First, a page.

When Pierce was asked what helps a team gel in that way, what helps elevate a team to the next level, he was quick to point out that there is no set formula. It’s just something the team needs to come together on its own to figure out.

“I think every championship team has its own different ingredients and how they go about it,” he explained. “Miami had theirs, Dallas had theirs, and Boston had theirs. It’s up to us to understand the bond together to help us understand the clear goal of the championship. The way you win one championship is not going to be the way you win the next one. Every team is different, all personalities are different. It’s just something you have to figure out.”

The Nets will begin that path on Tuesday when training camp starts at Duke University.

Paul Pierce also expressed a strong confidence in Jason Kidd as the coach. “I think what Jason has brought to the game over his time everybody understands that he’s one of the greatest players with one of the best IQs we’ve ever seen as a basketball player and he’s well respected around the league. I’ve been watching Jason Kidd since I was a kid. I’ve been a big fan of his. I think the NBA needs more great basketball minds like his patrolling the sidelines. It’s good to get some new blood out there.”

• On beating the Heat: “Our goal is to win a championship. It’s not to go out and beat the Heat. If the Heat are in our way obviously we’re going to have to see them, but there are other great teams Indiana, New York, Chicago, other teams that we are going to have to face. Obviously our goal is the championship and we have the pieces to get it done.”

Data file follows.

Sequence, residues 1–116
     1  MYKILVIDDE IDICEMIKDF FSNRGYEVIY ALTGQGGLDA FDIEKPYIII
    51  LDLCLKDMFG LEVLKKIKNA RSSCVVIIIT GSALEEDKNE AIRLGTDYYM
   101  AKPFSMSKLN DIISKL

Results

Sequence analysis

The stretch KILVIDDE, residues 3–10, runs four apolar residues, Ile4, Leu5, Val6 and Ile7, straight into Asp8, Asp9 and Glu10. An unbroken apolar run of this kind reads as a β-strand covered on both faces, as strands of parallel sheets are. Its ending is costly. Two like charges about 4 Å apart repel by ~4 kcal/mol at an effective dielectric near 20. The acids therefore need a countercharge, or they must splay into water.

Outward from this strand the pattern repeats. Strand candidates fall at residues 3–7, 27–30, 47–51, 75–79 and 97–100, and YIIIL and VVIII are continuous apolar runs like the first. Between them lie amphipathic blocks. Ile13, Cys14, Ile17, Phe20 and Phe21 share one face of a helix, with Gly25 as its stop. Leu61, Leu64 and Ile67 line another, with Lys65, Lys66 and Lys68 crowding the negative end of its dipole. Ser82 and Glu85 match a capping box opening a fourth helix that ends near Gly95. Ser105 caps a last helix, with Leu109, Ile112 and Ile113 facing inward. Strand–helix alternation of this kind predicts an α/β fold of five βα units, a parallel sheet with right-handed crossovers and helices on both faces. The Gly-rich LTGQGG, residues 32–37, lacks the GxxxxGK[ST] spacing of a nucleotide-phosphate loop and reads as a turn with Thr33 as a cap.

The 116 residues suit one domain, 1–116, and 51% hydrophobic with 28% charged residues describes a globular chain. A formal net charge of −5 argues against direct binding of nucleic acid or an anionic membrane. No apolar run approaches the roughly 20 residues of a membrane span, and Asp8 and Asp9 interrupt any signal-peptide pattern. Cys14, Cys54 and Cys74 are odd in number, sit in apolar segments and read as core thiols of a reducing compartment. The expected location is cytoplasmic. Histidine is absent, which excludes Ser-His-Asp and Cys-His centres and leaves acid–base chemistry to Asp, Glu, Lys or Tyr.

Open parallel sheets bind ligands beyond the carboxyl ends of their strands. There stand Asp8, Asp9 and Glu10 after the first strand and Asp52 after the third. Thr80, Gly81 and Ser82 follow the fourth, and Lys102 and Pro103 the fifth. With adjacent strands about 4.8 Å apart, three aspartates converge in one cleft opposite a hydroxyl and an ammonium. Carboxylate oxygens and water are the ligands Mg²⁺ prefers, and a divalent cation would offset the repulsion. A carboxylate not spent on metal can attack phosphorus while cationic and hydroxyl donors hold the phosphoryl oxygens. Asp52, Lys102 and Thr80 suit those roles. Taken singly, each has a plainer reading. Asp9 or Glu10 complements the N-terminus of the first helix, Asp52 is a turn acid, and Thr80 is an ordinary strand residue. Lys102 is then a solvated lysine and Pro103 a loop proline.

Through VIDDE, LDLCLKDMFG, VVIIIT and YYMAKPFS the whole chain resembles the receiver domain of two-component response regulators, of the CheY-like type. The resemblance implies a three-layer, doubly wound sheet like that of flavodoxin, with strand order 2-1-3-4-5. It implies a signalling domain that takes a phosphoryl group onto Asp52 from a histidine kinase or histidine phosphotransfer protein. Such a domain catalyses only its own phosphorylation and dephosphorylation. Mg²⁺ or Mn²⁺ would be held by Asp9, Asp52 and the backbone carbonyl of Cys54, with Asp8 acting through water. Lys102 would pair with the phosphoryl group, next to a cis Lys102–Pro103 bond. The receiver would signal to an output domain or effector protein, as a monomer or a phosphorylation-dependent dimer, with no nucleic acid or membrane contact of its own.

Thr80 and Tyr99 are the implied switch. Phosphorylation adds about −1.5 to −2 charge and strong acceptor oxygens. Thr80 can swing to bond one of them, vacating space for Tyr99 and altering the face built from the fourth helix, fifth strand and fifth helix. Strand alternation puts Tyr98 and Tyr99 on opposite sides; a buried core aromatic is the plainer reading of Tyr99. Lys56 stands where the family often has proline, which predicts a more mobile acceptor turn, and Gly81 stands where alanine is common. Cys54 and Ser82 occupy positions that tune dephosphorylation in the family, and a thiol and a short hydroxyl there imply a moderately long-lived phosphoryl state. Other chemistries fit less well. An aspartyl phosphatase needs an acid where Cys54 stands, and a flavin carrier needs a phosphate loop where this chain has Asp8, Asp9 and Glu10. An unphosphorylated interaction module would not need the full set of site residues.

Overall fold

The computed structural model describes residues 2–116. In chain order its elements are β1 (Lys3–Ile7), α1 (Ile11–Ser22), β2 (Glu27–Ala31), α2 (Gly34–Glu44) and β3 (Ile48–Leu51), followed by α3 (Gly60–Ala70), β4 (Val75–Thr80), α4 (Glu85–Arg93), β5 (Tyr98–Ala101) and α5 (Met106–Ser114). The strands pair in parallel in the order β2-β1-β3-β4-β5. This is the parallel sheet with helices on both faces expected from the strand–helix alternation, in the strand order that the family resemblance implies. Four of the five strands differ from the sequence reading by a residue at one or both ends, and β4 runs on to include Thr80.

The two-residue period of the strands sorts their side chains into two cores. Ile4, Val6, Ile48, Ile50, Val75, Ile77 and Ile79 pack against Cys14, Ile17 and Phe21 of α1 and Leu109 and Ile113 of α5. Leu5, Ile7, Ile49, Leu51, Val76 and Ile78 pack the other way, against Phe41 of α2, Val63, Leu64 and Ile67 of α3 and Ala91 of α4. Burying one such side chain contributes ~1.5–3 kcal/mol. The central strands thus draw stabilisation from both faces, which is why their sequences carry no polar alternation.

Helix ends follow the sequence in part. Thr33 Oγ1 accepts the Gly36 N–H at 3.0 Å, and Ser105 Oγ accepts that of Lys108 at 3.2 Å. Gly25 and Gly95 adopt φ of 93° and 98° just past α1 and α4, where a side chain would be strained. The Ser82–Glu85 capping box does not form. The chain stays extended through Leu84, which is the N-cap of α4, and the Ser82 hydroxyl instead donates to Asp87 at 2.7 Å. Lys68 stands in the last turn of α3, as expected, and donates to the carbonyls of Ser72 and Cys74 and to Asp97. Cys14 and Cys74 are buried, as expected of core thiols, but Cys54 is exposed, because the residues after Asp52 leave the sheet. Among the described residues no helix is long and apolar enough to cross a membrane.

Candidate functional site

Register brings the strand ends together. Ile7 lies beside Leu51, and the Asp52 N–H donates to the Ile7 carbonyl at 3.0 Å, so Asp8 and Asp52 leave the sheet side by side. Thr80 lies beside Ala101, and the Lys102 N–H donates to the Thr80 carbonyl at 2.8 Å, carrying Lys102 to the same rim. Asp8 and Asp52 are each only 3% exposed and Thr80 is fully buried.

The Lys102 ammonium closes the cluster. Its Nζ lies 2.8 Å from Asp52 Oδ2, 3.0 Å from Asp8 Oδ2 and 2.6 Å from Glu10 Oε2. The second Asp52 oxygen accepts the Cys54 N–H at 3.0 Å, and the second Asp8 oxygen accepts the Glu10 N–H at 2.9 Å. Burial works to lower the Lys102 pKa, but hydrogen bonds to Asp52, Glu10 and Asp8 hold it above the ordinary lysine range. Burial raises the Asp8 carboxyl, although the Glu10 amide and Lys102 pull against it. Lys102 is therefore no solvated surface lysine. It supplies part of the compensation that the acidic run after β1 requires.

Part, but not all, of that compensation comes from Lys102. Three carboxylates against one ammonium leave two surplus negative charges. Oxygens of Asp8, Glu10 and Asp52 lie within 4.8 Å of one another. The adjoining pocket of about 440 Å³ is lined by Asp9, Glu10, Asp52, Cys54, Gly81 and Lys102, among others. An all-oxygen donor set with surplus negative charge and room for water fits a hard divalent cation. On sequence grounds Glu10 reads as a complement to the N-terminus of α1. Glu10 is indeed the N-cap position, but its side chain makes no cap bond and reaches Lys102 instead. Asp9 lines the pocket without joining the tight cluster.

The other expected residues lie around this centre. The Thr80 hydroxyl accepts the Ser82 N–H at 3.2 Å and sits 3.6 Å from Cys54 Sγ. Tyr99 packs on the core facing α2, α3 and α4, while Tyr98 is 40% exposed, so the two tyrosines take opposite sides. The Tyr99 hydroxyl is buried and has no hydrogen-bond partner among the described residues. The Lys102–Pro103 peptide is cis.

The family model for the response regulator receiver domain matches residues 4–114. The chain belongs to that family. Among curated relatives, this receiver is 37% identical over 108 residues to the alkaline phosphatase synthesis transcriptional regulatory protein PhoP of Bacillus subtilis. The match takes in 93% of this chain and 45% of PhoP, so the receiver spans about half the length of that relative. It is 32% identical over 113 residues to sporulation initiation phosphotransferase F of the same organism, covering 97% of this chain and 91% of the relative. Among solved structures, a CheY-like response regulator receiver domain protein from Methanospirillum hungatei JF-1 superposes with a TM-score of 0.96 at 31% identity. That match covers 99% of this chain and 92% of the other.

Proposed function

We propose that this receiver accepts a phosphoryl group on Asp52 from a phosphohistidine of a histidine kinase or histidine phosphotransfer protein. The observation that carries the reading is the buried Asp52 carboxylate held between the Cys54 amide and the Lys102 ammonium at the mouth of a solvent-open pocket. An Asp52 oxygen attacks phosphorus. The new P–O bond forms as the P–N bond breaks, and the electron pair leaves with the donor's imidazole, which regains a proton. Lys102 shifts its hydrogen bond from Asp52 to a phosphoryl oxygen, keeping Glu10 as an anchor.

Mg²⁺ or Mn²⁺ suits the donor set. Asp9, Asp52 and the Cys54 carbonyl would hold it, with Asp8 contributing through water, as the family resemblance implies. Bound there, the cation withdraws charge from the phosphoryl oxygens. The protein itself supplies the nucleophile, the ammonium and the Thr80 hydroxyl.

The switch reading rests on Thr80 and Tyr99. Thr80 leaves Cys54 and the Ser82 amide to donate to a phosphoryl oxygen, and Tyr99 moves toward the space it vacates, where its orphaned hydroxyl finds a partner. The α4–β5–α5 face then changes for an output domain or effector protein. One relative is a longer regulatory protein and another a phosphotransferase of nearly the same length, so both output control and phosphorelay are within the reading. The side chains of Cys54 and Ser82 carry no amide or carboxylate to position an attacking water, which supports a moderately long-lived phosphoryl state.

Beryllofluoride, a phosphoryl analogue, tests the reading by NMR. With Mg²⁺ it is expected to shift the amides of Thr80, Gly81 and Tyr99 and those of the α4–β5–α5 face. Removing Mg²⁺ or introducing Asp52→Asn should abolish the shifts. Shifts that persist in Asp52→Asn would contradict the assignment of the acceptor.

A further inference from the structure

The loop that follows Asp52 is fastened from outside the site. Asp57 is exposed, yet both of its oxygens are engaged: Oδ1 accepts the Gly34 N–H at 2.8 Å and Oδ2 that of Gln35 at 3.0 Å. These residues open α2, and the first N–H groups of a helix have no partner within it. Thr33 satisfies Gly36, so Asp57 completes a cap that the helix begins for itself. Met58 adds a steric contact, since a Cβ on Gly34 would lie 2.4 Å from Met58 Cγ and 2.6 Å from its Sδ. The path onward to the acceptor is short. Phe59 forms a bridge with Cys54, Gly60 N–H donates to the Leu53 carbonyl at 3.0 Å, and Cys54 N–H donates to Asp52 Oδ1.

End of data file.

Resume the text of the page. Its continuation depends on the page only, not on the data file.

• On taking the final shot: “I think when we look at this ball club here there are a number of guys. As you can Joe Johnson has been one of the most clutch guys in the league over the last eight or nine years. Deron Williams as a point guard is very tough to guard the way he shoots the ball and drives the ball. Then you have Brook Lopez, a budding center in this league, an All-Star who has shown the ability to hit shots and make good plays. Kevin has done it. Jason Terry has done it. We don’t have that one guy who you just know, certain teams they have that one guy and you just know, ‘OK this is going to be the guy down the stretch.’ I think it’s going to be a number of guys on different nights.”

• On the Nets/Knicks rivalry: “It’s going to be fun. Those types of things are fun for the sport. New York, Brooklyn, the only thing that separates us is the bridge. What makes this rivalry more competitive is that both teams are competitors. If both teams weren’t as good then you wouldn’t talk about it. But the Knicks won the Atlantic last year and you have us coming in here talking about winning the division, winning the East, winning a championship. You have two New York teams that are talking about trying to obtain the same thing so obviously it’s going to cause some friction. It’s good for the NBA.”